…through profound engagement with nature, society, each other, and self (based on Maslow’s writings on B-Values, or Being-values and supplemented by Christopher Peterson’s research on cross-cultural character strengths and virtues): Truth, goodness, beauty, wholeness, dichotomy-transcendence, aliveness, uniqueness, perfection, necessity, completion, justice, order, simplicity, richness, effortlessness, playfulness, self-sufficiency, curiosity, love of learning, creativity, love, kindness, citizenship, temperance, spirituality.
 
“If the idea of the universe can be presented to the child in the right way,…the knowledge he then acquires is organized and systematic; his intelligence becomes whole and complete because of the vision of the whole that has been presented to him, and his interest spreads to all, for all are linked and have their place in the universe on which his mind is centered”
 

– Maria Montessori in
To Educate the Human Potential

Learning Curriculum in Visual Form

Being - Body, Mind, Spirit

This aspect of the curriculum helps the young person ~explore~ the age-old question of “Who am I?”, ~awaken~ the sense that “I am a part of a greater whole”, and ~act~ out of the depth and heights of one’s Self.

Nature - All living things, the environment, the universe

This aspect of the curriculum helps the young person ~explore~ Nature as an interconnected whole, ~awaken~ their sense of belonging to Nature, and ~act~ with consideration toward Nature and all of its inhabitants.

Life - Practical, Relational, Cultural

This aspect of the curriculum helps the young person ~explore~ Life as it is right here right now, ~awaken~ their sense of Life as an adventure, and ~act~ in concert with the Life force within.

Pedagogical Philosophy in Visual Form

Nomadic

Self, Life & World as places to learn.

The place of learning is first found within your Life story:

what are the places, memories, and people that matter to you?

The place of learning is also found in the World in which you find your self:

what is your World about these days?

Wherever she is, this is where the nomad learns.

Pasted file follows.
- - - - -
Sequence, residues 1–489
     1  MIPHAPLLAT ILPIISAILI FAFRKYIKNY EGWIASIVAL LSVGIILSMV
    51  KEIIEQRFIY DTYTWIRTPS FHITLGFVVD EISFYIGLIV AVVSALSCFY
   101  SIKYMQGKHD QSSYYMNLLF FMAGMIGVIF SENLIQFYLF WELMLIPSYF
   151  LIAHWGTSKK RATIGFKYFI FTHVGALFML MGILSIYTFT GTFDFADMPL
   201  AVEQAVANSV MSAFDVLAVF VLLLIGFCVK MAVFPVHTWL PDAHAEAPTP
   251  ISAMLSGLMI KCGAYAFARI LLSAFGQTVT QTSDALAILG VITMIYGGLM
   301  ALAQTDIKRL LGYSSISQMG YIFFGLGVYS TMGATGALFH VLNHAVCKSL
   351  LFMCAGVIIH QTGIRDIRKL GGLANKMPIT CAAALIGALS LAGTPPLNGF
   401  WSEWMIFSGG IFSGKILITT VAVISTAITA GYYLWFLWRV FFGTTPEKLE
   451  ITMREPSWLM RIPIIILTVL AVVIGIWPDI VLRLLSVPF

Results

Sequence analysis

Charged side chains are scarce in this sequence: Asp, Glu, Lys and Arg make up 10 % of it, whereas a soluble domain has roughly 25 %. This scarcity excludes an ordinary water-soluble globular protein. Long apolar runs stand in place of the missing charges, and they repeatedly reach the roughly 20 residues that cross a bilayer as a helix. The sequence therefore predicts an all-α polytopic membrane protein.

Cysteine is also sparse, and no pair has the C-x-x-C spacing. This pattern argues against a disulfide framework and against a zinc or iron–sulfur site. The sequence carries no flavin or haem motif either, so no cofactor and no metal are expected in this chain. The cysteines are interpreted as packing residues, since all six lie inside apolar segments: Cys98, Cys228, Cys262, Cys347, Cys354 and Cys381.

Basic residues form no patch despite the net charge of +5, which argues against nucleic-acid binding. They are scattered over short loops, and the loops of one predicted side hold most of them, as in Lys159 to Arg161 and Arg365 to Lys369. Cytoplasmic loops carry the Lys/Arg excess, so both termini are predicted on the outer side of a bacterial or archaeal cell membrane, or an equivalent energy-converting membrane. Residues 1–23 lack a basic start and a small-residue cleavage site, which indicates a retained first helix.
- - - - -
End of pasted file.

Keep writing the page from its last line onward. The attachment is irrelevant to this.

Meaningful

Self, Community, World as your teachers.

The things you care about are the things

you want to learn about. This makes learning meaningful.

Learning at Nomadic School will inevitably be meaningful,

because you are invited to express and explore the questions that captivate you.

You are free to learn from your community and from people across the world.

Relevant Frameworks to the Nomadic School Approach

Sustainable Development Goals, or “Global Goals”, have been adopted by all United Nations Member States in 2015, and provides a shared blueprint for peace and prosperity for people and the planet, now and into the future. Read more

Being Solutionary is:

1. Reflecting on the complexities of a problem, its causes, and the underlying systems that perpetuate it.

2. Striving not to harm people, animals, or the environment and seek to avoid unintended negative consequences.

3. Working to positively transform the underlying systems that perpetuate the problem. Read more

 
“…this wide gulf between man’s external and inner powers is one of the most important and profound causes of the individual and collective evils which afflict our civilization and gravely menace its future.”
 

– Roberto Assagioli
in the Act of Will

Historical and current figures whose work and life are inspirational
to the Nomadic School approach:

Lao Tzu, Roberto Assagioli, Andrew Loomis, Maria Montessori, Abraham Maslow, Angeles Arrien, Philip Zaleski, Paul Kaufman, Aldous Huxley, Paulo Coelho, C.G. Jung, Carl Rogers, Hayao Miyazaki, Mahatma Gandhi, Albert Einstein, Roger Walsh, Jack Kornfield, the Dalai Lama, John Welwood, Ken Wilber, William James, Stanislav Grof, Bill Plotkin, Frances Vaughn, Siddhārtha Gautama, Eckhart Tolle, Robert A. Johnson, Joseph Campbell, Christopher Bache, Sadhguru, Magic Johnson, Jeremy Taylor, James Fadiman, Robert Frager, Rumi, Helen Schucman, Peter Gray, Anthony Robbins, John & Julie Gottman, and still others.